Have you heard the term “fat shaming”? You can probably ascertain what the term means without an explanation; however, it can be subtle and is so common in our culture that you may overlook it when it happens.
A few months ago, there was much discussion about a photo posted by Maria Kang on her Facebook page. She is a mother of three young children and a fitness enthusiast. The photo, seen above, calls into question the excuses busy moms often use to explain their lack of an exercise regimen.
This photo is an example of fat shaming.
Fat shaming is a type of body shaming, most often used against women in our culture. It is one of the more common types of shaming of women as it seems to be socially acceptable.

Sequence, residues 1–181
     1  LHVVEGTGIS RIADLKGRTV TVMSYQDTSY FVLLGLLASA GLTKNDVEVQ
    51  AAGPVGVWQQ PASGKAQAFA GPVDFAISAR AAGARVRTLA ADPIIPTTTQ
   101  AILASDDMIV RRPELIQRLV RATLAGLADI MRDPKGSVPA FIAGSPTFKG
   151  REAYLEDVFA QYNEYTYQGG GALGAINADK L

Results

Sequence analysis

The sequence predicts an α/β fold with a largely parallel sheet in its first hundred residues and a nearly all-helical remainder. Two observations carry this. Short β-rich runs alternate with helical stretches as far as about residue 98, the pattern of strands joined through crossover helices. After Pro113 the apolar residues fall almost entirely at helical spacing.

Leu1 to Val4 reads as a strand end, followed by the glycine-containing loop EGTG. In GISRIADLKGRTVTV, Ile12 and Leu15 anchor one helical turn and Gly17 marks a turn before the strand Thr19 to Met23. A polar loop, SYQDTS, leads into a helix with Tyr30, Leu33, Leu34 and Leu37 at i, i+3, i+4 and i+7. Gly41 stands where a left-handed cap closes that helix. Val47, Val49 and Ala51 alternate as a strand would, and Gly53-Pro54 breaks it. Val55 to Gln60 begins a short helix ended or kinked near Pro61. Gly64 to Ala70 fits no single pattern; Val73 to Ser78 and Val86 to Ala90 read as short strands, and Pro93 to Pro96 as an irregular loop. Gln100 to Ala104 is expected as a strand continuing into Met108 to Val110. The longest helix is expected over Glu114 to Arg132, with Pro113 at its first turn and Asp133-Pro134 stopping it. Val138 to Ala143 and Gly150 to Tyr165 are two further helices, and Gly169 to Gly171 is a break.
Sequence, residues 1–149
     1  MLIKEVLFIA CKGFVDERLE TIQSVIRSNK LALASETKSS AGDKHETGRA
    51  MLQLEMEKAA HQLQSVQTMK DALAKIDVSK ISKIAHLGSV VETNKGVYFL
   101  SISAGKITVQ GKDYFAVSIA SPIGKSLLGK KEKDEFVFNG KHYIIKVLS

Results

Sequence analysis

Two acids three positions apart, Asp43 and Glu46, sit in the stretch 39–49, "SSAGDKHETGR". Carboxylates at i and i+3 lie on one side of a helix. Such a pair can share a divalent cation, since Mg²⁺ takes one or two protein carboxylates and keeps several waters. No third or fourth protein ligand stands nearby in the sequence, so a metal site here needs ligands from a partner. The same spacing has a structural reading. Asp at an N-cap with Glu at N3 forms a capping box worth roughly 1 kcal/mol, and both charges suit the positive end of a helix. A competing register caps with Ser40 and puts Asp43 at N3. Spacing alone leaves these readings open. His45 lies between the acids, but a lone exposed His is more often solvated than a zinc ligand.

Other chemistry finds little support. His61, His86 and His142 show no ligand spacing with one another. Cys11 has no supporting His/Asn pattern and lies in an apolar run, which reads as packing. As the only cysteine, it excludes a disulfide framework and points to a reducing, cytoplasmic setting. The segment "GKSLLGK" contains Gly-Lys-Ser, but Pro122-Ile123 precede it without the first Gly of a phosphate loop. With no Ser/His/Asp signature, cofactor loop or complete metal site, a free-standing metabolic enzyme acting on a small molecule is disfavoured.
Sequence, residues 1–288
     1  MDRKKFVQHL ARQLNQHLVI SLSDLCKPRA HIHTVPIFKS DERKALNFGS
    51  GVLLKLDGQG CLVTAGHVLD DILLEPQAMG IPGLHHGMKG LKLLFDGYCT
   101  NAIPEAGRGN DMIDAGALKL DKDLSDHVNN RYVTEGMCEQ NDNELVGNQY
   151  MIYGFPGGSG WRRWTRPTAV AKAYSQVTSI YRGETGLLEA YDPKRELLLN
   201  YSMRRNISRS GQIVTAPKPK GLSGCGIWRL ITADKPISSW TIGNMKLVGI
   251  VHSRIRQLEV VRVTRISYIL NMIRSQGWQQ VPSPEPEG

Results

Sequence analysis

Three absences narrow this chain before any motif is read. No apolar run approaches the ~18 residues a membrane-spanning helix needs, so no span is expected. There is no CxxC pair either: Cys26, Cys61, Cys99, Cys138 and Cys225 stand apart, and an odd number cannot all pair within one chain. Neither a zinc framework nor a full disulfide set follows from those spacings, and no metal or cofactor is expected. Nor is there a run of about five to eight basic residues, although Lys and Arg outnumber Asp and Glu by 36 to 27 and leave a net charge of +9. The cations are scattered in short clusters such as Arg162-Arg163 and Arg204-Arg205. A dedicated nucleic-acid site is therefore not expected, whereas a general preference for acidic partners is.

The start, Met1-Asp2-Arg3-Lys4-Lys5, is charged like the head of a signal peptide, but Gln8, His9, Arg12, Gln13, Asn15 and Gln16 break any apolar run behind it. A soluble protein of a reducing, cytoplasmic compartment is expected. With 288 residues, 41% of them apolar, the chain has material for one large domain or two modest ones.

In fact, a lot of people think fat shaming is actually a good thing and is helpful in order to motivate women to lose weight or be thin.
The problem is that shame is not a motivator.
It is not a catalyst for change. It is quite the opposite: a deterrent for making changes. Shame doesn’t make one a stronger person or promote growth.
It actually keeps people stuck and damages self worth.
Maria Kang’s can definitely be interpreted as fat shaming of women, particularly those who are mothers. It should be seen as a type of bullying: mocking and putting down mothers who do not look like her.
It needs to be an example we learn from. We need to become more aware of the fat shaming happening all around us. And most importantly we need to be more aware of our own actions: are we participating in the problem? ignoring it? or working to fix it?
Stacey Wald, LAPC, RD